Oxycodone Side Effects

People abuse oxycodone for its euphoric effects, but the drug also causes constipation, itching and other uncomfortable side effects. Large doses can cause dangerously slow breathing and even death. Cessation after more than two weeks of use may cause flu-like withdrawal symptoms.
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Oxycodone is a potent opioid used to treat moderate to severe pain. Unfortunately, the prescription pain reliever can cause many unwanted side effects.

Minor side effects of oxycodone may include itching, nausea, flushing or a dry mouth. But the drug can also cause serious and even life-threatening reactions. People who take too much oxycodone or mix it with other drugs can stop breathing.

The drug is also habit forming. Oxycodone addiction and dependence can occur suddenly. It may even develop in someone who’s been using the drug as directed.

Effects of Oxycodone

Oxycodone is sold under dozens of brand names, including Percocet, Tylox and OxyContin. Tylox and Percocet contain a combination of acetaminophen and oxycodone. OxyContin is an extended-release version of oxycodone.

The side effects of oxycodone are the same as those of other opioids.

Minor side effects of oxycodone can include:

  • Dry mouth
  • Sleepiness
  • Headache
  • Flushing
  • Changes in mood
  • Nausea
  • Constipation
  • Drowsiness
  • Itching

Other, more serious reactions to the drug can also occur.

Between 2010 and 2016, poison control centers received nearly 19,500 reports of serious adverse events associated with opioids, according to a 2018 analysis in the journal of Drug Safety. More than three-quarters of those reports involved the use of oxycodone or hydrocodone, a similar opioid drug. The reported events included major reactions, hospitalizations and death.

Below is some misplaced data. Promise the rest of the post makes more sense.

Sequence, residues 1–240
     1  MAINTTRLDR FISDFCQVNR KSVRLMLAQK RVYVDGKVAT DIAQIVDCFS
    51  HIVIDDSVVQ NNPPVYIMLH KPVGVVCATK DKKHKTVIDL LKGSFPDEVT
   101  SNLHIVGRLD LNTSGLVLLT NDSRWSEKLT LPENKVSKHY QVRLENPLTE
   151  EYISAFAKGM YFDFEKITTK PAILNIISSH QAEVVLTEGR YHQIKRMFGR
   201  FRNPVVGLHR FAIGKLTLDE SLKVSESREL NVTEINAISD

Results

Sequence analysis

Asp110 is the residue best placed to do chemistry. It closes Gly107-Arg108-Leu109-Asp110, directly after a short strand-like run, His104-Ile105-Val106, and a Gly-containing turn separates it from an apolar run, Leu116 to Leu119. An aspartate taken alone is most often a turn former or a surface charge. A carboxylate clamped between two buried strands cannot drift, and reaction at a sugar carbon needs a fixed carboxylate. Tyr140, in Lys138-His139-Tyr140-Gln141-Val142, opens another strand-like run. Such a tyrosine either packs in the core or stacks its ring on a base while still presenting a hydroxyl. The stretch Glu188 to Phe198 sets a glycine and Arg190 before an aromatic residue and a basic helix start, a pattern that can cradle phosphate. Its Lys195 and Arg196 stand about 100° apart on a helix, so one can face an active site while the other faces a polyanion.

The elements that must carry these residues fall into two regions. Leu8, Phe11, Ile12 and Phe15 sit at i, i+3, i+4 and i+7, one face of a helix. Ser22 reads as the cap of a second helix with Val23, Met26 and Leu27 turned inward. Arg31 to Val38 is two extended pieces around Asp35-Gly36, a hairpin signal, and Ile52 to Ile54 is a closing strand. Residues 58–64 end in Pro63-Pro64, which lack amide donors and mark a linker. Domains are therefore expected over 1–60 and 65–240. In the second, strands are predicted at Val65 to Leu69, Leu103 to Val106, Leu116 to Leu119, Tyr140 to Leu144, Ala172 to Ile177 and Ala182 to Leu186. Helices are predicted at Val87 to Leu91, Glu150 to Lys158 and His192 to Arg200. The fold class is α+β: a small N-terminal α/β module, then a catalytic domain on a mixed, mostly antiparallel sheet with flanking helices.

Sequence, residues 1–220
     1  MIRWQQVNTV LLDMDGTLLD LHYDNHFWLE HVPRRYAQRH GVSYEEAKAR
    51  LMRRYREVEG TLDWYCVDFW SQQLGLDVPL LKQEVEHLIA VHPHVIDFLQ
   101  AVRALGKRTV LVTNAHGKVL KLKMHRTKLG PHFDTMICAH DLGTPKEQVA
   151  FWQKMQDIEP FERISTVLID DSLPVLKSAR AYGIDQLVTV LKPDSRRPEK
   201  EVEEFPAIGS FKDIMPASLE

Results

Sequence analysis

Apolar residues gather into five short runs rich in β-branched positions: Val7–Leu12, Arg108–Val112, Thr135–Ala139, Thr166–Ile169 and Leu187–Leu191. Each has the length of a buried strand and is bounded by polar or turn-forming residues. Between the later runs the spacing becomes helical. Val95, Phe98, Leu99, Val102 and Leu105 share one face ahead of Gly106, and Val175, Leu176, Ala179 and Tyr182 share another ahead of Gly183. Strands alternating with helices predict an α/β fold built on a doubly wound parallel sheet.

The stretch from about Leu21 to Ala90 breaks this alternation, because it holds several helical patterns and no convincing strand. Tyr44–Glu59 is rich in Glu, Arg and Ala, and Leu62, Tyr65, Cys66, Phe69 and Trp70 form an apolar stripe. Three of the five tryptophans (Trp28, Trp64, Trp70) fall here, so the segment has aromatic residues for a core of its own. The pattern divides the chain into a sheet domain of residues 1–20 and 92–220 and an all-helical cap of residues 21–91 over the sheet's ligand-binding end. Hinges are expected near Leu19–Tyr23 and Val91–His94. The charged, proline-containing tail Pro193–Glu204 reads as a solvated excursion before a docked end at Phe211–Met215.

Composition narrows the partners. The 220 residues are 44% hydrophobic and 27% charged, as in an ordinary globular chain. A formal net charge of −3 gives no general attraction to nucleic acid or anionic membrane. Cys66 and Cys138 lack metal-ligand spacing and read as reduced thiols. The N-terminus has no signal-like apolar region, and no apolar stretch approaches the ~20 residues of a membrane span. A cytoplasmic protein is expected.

If you experience any of these symptoms while taking oxycodone, call your doctor and seek emergency medical treatment:

Chronic use of oxycodone can also lead to addiction. A person who is addicted to oxycodone will use the drug compulsively, despite its negative effects and consequences.

Signs and Symptoms of Oxycodone Overdose

Oxycodone depresses the central nervous system and can dangerously slow a person’s heart rate and breathing. These effects are especially common during the first one to three days of use. But they can also occur when you increase your dose.

The elderly have a greater risk of developing breathing problems. People with other health problems are also more susceptible.

Signs and symptoms of an oxycodone overdose include:

  • Breathing difficulty
  • Slowed or stopped breathing
  • Excessive sleepiness
  • Snoring or gurgling sounds
  • Weak or limp muscles
  • Change in pupil size (narrow or widened)
  • Cold, clammy skin
  • Blue or grayish skin and dark lips or fingernails
  • Loss of consciousness or coma

Crushing OxyContin bypasses the drug’s built-in time release mechanism. This increases the risk of an accidental oxycodone overdose.

Unintentional overdoses of oxycodone products that contain acetaminophen can cause liver injury. The common combination has been associated with numerous cases of liver failure.

Oxycodone Overdose Response

If you suspect someone has overdosed on oxycodone, call 911 immediately. A life-saving medication called naloxone can reverse the effects of an opioid overdose if administered in time.